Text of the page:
Sunday, March 18, 2007

more on graphic novels

Graphic novels have been increasing in popularity and rather than being any threat to prose novels they may reinforce reading habits for some. I think graphic novels invite far more introspection than a completely passive diversion, like TV, and they invite art appreciation right along with story participation. Good graphic novels have a clean-cut similarity to attractive block prints of modern art . The coupling of art forms and expressions to the story in progress can be intriguing.

One of the best I’ve read is “Blankets,” by Craig Thompson. It’s an engrossing memoir of a young man who has been raised in a severely strict, fundamentalist Christian family, and who meets an attractive young woman, Raina, in a Christian summer camp. Raina is a warm, beautiful, liberal-minded individual who is very popular among her similar-minded friends. She intrigues Thompson, and invites him to spend a couple weeks of his winter break visiting at her home in another town. Her family has some internal disconnects, but Thompson falls in love there with Raina, and although it becomes clear it can’t last beyond this visit, he grows and matures in ways he couldn’t have imagined before. The artwork is great, and the graphic unfolding of the story is wonderfully done.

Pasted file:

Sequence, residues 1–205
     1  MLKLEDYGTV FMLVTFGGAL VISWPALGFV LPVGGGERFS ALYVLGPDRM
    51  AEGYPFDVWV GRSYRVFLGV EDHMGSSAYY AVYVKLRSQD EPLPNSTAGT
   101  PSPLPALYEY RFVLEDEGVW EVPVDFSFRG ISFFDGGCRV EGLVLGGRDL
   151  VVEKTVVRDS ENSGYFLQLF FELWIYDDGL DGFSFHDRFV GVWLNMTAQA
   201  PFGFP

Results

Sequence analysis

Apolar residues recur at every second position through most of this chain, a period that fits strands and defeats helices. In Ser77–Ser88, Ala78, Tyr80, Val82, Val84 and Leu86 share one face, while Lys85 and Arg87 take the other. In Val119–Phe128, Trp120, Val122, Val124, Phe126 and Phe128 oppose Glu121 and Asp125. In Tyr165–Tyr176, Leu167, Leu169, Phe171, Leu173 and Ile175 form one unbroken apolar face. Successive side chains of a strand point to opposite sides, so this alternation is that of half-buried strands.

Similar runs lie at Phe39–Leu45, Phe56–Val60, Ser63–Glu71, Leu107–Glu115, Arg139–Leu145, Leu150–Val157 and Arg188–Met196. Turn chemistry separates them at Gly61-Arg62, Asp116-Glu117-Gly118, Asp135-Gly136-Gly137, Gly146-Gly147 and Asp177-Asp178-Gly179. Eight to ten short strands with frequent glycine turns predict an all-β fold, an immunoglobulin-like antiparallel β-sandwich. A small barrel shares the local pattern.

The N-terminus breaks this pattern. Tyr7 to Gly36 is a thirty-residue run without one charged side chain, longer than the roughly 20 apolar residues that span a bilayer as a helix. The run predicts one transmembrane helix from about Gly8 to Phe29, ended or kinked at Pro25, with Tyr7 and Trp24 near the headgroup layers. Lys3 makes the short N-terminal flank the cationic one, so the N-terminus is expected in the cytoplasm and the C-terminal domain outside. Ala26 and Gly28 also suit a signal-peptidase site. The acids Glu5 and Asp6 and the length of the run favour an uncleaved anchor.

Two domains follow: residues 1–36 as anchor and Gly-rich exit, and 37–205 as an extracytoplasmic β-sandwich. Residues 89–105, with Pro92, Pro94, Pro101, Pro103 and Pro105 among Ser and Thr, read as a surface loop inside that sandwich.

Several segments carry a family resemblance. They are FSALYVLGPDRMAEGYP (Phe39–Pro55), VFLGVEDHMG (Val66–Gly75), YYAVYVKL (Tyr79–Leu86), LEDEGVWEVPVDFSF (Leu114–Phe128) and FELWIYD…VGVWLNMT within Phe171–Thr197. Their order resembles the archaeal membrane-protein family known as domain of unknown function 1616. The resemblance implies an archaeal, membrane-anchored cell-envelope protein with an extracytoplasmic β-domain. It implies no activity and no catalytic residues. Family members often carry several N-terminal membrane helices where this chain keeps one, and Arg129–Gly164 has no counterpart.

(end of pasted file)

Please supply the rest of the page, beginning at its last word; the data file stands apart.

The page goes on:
More recently I enjoyed American Born Chinese, by Gene Luan Yang. This is a handsomely done graphic novel about a young boy of Chinese immigrant parents growing up in America, mostly centered around his life and friendships in school. Episodes from the Chinese Monkey King fables are interspersed in the story, and they seem very much to belong. Jin Wang is so intent on being "American" that for a part of the book he's drawn as Western-looking boy named Danny, though we don't quite know what's going on yet. Danny's visiting cousin from China, a crude stereotype, mystifies us, and is an embarrassment to Danny in front of the all-American girl he idolizes. The threads come together when the Monkey King comes to visit Jin and convinces Jin he'll be a happier person if he'd just be himself. Besides the great graphics, it's a well structured story.

I’ll have to mention just one more, Amelia Rules-The whole world’s crazy,” by Jimmy Gownley. It’s a MG graphic novel, kids playing at being superheroes, and coping with life at school and at home. Story is, of course, a lot less sophisticated than the older books discussed, but the graphics are neat and appealing.

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